The article describes the authors’ experience teaching a six session course called “Think Like a Mediator” on conflict resolution to inmates at the women’s jail facility (the Rose M. Singer Center) at Rikers Island in New York City. The course curriculum was highly interactive and used mediation tools, such as developing active listening skills and understanding underlying interests, as opposed to positions. The inmate-students were highly engaged by the subject matter and the learning process. Learning to resolve conflict by using mediation’s core principle of self-determination, is clearly empowering for inmates at a time in their lives when they are experiencing the powerlessness of a prison environment. The authors conclude that conflict resolution and mediation training (in jails and long-term prison environments) offer significant benefits to inmate-participants both during and after incarceration, and also to the community to which the inmates will return. This conflict resolution approach also has the potential to reduce recidivism by encouraging the inmate-students to think more fully about their choices and the conflicts they experience. The Rikers course provides a valuable pilot program for similar programs in other jail and prison environments.
‘Think Like a Mediator’ Conflict Resolution Program
Over a period of several months at the beginning of this year, the authors of this article - three members of the City Bar Association’s ADR Committee (Mary Austin, Rich Brewster and Hillary Zilz) and an attorney-mediator from NYLAG, Nina Martinez - joined forces to design a conflict resolution curriculum for women at Rikers’ facility for female inmates, the Rose M. Singer Center (“Rosies”). Although program staff at Rosies initially expressed interest in a peer mediation training program, we concluded that the short average length of stay by Rosies inmates made a peer mediation program problematic. By the time a peer mediator completed mediation training, her stay at Rosies would likely be over. Accordingly, instead of peer mediation, we designed a curriculum to teach conflict resolution skills, using mediation tools. We developed and then taught a six week program with two-hour modules on Monday evenings between mid-May and mid-July. The six two-hour sessions sought to improve participants’ conflict resolution skills by focusing on understanding conflict and its sources, active listening skills, the importance identifying interests, as opposed to positions, the value of “I” messages (“I feel…” vs. “You did…”), emotions in conflict and brainstorming solutions. As much as possible, we used interactive teaching techniques to engage the participants and illustrate the skills involved.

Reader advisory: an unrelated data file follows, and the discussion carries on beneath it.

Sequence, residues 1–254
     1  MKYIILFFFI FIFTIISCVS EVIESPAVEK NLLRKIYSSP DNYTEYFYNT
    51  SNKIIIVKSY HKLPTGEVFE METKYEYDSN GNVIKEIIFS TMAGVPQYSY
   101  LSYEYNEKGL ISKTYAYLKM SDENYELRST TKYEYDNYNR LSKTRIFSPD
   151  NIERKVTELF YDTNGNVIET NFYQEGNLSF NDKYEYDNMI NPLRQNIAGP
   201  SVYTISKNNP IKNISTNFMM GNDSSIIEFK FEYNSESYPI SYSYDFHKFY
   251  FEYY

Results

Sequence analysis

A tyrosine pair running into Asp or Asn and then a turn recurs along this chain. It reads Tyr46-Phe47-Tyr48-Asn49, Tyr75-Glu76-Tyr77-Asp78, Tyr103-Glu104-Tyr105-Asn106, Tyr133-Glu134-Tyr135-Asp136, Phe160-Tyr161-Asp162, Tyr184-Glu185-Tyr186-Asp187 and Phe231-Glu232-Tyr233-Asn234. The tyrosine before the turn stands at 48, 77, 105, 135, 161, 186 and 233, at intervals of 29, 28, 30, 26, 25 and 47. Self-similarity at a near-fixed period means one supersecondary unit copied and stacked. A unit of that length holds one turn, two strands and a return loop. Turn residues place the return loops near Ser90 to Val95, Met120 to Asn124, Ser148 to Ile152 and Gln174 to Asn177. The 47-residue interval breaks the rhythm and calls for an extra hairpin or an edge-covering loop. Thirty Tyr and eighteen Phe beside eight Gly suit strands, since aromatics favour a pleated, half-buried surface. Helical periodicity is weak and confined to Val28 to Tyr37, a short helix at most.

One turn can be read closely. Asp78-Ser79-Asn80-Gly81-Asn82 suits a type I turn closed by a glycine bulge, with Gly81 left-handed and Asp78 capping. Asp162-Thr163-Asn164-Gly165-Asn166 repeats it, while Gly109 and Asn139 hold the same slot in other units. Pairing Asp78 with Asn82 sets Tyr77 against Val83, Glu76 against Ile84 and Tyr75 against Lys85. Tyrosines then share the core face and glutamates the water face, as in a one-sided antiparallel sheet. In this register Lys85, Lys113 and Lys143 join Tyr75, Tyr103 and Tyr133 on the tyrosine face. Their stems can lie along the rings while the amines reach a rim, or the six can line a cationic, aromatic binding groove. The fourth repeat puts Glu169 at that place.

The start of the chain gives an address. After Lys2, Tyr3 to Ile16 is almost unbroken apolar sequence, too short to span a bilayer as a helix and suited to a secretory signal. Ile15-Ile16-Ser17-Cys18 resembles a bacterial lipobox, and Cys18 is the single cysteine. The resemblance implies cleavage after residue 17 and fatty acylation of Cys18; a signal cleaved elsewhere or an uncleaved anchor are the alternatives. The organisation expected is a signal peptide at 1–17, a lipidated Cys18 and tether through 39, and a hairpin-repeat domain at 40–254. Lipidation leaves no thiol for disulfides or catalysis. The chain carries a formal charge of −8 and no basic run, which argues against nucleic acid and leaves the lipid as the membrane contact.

At our first session, only a few inmates came, but the word spread and our class at all later sessions included approximately fifteen participants. At every session, the participating women were highly engaged. The sessions were richly rewarding for both inmates and instructors, and a sense of community developed within the classroom group. At the end of the program, our participants were asking when we were going to do it again and when we planned to do an advanced conflict resolution program. As instructors in the program, we all left with very good feelings about the positive impact of our six weeks at Rosies and the potential of similar programs.